Pressure grows on British Gas over ‘fire and rehire’ as British Airways backs down

Pressure grows on British Gas over ‘fire and rehire’ as British Airways backs down

Pressure was today mounting on British Gas owner Centrica to U-turn on its controversial “fire and rehire” plans, while British Airways appeared to back down from its similar stance.

The energy giant has been accused by unions of forcing 20,000 British Gas employees to accept worse contracts or risk losing their jobs. Workers face changes to conditions including their working hours and holiday entitlements under the plans.

British Gas followed British Airways in drawing the ire of unions with proposals to rehire 30,000 workers on lower pay and perks. Yesterday Labour leader Sir Keir Starmer condemned the practice of giving staff notice of redundancy and then hiring them back on worse pay and conditions.

MPs have now intervened, with 23 signing an early day motion calling for the company to withdraw its Section 188 notice of potential redundancies.

Labour MP John Cryer, who brought the motion, told the Standard: “A lot of British Gas engineers will be on good terms and risk losing those. They are skilled, valued engineers. If half the country has its terms and conditions ground into the dirt, it’s just wrong. Where will it end?”

He added: “The Government is going to be forced to make an intervention as it’s a not sustainable to have a strike at such a critically important business.”

Southwark MP Neil Coyle said: “For people who are more vulnerable to Covid it’s important their home is properly heated to avoid hospitalisation. There are also hundreds of thousands of people still working from home and people need heating in their homes.”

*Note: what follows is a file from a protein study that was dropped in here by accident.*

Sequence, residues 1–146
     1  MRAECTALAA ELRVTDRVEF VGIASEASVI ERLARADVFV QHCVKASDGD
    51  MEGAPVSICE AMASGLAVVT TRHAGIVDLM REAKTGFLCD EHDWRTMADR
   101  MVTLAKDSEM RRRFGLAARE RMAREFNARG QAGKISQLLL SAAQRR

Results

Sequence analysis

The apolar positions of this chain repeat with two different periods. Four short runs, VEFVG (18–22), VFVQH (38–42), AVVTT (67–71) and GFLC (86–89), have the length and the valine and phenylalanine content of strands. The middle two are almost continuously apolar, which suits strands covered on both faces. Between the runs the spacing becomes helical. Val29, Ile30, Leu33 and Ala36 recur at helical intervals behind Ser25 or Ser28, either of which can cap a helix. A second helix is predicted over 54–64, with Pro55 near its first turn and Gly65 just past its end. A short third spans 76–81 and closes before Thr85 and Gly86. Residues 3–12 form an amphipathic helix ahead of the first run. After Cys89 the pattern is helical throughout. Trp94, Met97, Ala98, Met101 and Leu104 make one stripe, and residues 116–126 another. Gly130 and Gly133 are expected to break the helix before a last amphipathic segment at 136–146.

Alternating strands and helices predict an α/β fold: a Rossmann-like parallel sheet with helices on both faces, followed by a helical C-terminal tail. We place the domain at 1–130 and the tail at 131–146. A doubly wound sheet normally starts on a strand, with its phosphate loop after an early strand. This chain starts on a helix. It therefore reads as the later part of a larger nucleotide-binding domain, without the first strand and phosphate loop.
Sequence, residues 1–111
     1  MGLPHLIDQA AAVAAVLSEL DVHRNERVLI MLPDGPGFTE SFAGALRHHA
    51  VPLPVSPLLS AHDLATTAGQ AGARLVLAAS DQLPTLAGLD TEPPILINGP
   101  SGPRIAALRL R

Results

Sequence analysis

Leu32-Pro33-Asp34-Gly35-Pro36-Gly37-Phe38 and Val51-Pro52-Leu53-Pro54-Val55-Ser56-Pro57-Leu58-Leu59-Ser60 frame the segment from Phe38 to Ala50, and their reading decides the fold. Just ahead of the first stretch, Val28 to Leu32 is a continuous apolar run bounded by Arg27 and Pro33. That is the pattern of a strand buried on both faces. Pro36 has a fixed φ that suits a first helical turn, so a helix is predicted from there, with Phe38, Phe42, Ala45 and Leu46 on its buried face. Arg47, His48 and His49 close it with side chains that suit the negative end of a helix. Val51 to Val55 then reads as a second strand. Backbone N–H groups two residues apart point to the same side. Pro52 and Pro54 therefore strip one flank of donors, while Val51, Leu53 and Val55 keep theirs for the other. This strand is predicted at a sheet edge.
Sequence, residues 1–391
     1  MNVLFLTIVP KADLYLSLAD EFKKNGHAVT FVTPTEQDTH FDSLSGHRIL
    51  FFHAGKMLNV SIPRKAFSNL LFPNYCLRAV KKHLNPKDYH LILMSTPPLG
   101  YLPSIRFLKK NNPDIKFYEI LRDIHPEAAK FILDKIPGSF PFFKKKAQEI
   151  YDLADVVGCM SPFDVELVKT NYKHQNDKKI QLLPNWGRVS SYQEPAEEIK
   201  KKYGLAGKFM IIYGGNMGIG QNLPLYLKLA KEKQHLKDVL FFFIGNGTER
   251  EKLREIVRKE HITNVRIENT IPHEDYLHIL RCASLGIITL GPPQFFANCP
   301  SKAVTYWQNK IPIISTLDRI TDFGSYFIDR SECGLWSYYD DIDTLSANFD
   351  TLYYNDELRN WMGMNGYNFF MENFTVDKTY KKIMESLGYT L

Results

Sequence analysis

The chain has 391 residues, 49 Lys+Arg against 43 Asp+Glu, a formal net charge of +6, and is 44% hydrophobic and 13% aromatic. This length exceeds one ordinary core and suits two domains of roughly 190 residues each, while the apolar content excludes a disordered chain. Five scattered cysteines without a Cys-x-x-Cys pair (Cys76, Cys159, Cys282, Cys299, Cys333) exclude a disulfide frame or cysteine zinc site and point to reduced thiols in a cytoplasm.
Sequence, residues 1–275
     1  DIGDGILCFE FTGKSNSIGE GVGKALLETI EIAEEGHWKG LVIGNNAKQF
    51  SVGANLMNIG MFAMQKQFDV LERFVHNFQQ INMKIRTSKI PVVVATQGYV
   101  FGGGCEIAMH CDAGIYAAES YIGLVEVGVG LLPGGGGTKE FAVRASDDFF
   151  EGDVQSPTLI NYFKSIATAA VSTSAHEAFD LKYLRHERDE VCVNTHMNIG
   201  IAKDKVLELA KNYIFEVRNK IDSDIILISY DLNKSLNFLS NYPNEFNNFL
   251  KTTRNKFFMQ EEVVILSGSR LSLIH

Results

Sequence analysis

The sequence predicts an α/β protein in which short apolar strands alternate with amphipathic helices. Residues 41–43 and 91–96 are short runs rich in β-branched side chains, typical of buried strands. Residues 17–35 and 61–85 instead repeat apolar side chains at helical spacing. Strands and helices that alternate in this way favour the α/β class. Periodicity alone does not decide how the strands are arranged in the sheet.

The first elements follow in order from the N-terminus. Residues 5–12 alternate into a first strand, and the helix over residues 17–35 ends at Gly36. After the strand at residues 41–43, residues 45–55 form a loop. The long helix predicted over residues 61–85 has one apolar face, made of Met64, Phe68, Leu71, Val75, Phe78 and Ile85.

Centrica has argued using the Section 188 notice is a last resort and there will be no change to base pay and pensions. It said that “constructive discussions” are ongoing.

The talks with 20,000 staff are on top of the 5,000 redundancies announced in June, although sources said these may be pared back to maintain customer service levels.

Justin Bowden, GMB National Secretary, said “The use of Section 188s really was a rarity until its infamous use by British Airways. It’s been described as an insurance policy which is a disgusting euphemism for saying agree or have this done to you.”

Separately, British Airways today backed down from its “fire and rehire” plan as its boss appeared before MPs.

The airline has seen trading destroyed by the Covid pandemic, which triggered 12,000 job cuts.

Chief executive Alex Cruz told the House of Commons transport committee: “There will be no need to issue new contracts. No need to fire and rehire.”

Cruz said that, while job cuts with pilots were quickly agreed, its attempts to get unions representing the rest of its staff to negotiate were tricky. “I frankly regret that it took such a long time for the other unions to sit down,” he said.

Cruz claimed it took 73 days to get unions to sit down and they had been invited to 500 different meetings.

Cruz said final agreements had not been made but were imminent.